Table of Contents  
Year : 2019  |  Volume : 18  |  Issue : 4  |  Page : 391-402

Optimization and purification of cellulase produced by Penicillium decumbens and its application

1 Department of Chemistry of Natural and Microbial products, National Research Center (NRC), Dokki, Egypt
2 Department of Food Science & Human Nutrition, Faculty of Agriculture and Veterinary Medicine, Qassim University, Kingdom of, Saudi Arabia

Date of Submission29-Jun-2019
Date of Acceptance16-Oct-2019
Date of Web Publication28-Jan-2020

Correspondence Address:
Researcher Nehad E.A.
Chemistry of Natural and Microbial Products Department, National Research Centre, 12311, Dokki, Giza
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Source of Support: None, Conflict of Interest: None

DOI: 10.4103/epj.epj_31_19

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Background and objectives Cellulases are an enzyme group based on catalytic action. They include endocellulase, exocellulase, beta glucosidase, cellulose phosphorylases, and oxidative cellulases. This work was aimed at the production of cellulase by fungal strains from Penicillium sp. Selection of the best organism that gives the highest productivity of the enzyme, examination of the cellulase production under the optimum conditions, purification of cellulase, identification by high-performance liquid chromatography, and its application in clarification and yield increase of apple juice were also studied.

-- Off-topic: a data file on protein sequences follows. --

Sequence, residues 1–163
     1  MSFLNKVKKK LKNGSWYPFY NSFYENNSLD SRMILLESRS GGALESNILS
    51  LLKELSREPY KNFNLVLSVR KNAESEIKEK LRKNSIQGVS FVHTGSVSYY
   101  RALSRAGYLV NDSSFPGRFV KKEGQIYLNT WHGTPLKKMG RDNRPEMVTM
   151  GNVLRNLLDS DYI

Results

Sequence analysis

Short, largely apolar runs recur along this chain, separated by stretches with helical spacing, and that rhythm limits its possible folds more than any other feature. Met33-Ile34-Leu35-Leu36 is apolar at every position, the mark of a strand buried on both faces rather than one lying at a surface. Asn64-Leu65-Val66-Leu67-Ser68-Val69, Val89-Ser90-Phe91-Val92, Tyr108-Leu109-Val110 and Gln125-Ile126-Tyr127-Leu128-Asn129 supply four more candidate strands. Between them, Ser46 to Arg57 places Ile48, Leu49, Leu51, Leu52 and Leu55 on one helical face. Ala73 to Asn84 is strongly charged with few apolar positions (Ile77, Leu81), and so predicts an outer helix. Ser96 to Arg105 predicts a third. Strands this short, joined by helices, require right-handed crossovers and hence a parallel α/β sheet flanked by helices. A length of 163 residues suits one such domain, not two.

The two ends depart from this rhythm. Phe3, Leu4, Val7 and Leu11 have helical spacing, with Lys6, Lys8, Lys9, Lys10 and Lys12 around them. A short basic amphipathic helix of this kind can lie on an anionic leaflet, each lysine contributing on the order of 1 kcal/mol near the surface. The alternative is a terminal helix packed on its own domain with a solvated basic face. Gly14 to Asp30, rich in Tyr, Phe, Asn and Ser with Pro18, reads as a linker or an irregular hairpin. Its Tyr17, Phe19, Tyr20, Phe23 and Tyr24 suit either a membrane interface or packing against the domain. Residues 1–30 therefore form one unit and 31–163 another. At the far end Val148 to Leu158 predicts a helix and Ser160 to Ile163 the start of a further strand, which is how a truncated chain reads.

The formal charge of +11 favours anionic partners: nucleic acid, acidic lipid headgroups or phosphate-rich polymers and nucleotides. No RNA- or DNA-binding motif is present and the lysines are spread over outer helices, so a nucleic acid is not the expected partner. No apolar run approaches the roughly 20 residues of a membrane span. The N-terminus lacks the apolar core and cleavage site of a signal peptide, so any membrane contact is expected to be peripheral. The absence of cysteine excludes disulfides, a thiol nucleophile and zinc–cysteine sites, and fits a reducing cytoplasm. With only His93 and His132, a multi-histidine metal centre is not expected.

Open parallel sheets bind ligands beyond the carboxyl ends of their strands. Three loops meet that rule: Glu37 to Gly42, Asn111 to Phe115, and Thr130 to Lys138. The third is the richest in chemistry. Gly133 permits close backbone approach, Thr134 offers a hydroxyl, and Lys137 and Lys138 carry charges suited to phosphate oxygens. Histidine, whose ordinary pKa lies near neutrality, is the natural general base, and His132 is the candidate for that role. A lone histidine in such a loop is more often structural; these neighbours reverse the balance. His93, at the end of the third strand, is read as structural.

Materials and methods Three strains of Penicillium sp. were examined using the method of Congo red for cellulase production. The factors affecting cellulase production by fungus Penicillium decumbens were identified. Cellulase produced by P. decumbens was purified using ammonium sulfate precipitate (80% saturation) followed by ion exchange chromatography by Sephadex G-200. High-performance liquid chromatography technique was used to measure the purity of cellulase produced from P. decumbens. The cellulase enzyme was used to increase the yield of apple juice and apple juice clarification, as examples of its application in the food industry.